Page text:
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Internal CIA report warned assassination program could backfire

Document published by WikiLeaks weighs pros and cons of killing high-profile targets


Luke Brinker
December 19, 2014 3:02AM (UTC)

An internal Central Intelligence Agency report warned that its assassination program against high-profile terrorist leaders could backfire on the United States, even as it stressed that the program could be of value if used as part of a broader counterterrorism strategy.

The report, published today by WikiLeaks, is dated June 7, 2009, indicating that it was completed during the tenure of former CIA director Leon Panetta. It examined the CIA's practice of "High-Value Targeting" (HVT), defined in the report as "focused operations against specific individuals or networks whose removal or marginalization should disproportionately degrade an insurgent group’ effectiveness." The report surveyed a broad range of countries in which HVT has been deployed as a counterterrorism tactic, including Colombia, Sri Lanka, Israel, Russia, Libya, Pakistan, and Thailand.

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According to the report, HVT can undermine insurgents' effectiveness, weaken morale, lead to reduced support for insurgents, divide insurgent groups, and force militants to alter their strategies.

On the other hand, the report's authors cautioned, assassination programs are fraught with risk.

"Potential negative effects of HVT operations include increasing insurgent support, causing a government to neglect other aspects of its counterinsurgency strategy, provoking insurgents to alter strategy or organization in ways that favor the insurgents, strengthening an armed group’s popular support with the population, radicalizing an insurgent group’s remaining leaders, and creating a vacuum into which more radical groups can enter," the report stated.

Moreover, the report concluded that assassinations could generate heightened levels of violence.

"HVT operations may, by eroding the 'rules of the game' between the government and insurgents, escalate the level of violence in a conflict, which may or may not be in a government’s interest," the authors wrote.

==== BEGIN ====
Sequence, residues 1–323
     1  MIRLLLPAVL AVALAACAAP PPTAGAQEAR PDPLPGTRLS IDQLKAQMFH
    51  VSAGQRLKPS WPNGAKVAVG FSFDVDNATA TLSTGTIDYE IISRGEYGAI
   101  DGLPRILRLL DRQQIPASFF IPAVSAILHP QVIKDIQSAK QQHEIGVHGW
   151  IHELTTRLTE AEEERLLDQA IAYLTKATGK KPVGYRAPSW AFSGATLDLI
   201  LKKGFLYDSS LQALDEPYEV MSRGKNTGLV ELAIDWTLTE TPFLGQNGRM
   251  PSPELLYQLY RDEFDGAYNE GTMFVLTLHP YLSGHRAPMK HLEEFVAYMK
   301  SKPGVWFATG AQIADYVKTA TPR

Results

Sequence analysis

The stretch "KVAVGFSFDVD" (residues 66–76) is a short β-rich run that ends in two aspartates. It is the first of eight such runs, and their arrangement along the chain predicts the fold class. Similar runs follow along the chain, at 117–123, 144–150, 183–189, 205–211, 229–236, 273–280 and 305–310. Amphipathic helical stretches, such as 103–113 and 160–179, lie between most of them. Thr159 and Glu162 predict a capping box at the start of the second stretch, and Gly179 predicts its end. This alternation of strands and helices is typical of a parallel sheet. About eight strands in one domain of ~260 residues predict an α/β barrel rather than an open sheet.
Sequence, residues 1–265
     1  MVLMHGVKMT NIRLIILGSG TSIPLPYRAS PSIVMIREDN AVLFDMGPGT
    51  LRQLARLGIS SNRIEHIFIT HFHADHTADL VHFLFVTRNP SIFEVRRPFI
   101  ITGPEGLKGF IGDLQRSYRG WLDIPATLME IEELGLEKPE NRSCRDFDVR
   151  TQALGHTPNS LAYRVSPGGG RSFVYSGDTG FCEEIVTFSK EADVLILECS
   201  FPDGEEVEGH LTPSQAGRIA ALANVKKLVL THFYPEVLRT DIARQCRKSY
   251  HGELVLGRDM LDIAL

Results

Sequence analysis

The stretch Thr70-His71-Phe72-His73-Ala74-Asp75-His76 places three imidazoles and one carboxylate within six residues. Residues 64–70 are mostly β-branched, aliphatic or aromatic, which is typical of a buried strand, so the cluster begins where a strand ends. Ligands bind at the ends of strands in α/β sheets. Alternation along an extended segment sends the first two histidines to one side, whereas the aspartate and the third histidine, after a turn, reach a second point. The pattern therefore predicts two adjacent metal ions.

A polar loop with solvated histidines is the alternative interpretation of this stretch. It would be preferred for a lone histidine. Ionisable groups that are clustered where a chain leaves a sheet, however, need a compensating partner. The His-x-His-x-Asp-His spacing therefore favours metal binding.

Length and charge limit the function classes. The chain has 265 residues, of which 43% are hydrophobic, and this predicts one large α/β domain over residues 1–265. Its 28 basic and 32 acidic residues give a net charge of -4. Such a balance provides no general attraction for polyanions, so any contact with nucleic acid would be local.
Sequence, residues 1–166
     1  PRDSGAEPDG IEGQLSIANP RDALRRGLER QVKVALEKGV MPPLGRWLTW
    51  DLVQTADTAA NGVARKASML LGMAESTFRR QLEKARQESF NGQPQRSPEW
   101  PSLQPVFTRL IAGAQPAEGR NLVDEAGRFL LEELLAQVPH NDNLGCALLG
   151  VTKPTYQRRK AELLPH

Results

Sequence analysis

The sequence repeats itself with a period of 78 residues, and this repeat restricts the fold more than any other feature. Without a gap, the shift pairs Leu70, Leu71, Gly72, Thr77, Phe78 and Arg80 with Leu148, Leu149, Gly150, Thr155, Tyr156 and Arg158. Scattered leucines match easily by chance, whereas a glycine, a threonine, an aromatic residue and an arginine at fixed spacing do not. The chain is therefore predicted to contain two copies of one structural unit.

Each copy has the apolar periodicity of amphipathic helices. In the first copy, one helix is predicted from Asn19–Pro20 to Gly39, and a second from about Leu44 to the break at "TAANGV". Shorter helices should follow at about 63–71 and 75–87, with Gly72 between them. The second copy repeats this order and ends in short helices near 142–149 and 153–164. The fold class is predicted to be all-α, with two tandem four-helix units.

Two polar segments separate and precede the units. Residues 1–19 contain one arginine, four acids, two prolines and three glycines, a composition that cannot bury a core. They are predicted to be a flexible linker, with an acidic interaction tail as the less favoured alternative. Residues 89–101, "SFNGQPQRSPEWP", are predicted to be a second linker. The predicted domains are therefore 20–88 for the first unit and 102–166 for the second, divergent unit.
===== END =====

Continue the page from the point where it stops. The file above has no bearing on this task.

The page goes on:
Despite such risks, the report affirmed that assassinations could be effective anti-militant tactics.

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"HVT operations are most likely to contribute to successful counterinsurgency outcomes when governments decide on a desired strategic outcome before beginning HVT operations, analyze potential effects and shaping factors, and simultaneously employ other military and nonmilitary counterinsurgency instruments," the report stated.

Since assuming office in 2009, President Barack Obama has presided over a dramatic spike in the CIA's use of assassinations against prominent militant figures. In one of the most controversial cases, a CIA drone strike in Yemen killed Muslim cleric and U.S. citizen Anwar Al-Awlaki in September 2011, two years after the report's release. Glenn Greenwald, then with Salon, assailed the killing as a violation of Awlaki's rights to free speech -- he was a high-value target because widely-circulated sermons exhorted militants to jihad -- and to due process under the law.

WikiLeaks' publication of the CIA's report comes the week after the Senate Intelligence Committee released the executive summary of its report on the CIA's use of torture in its post-9/11 detention and interrogation program. In addition to documenting brutal torture techniques, the report also found that CIA officials repeatedly misled the executive branch and lawmakers about the efficacy of torture, which the committee determined was not essential to thwarting a single terrorist plot.


Luke Brinker

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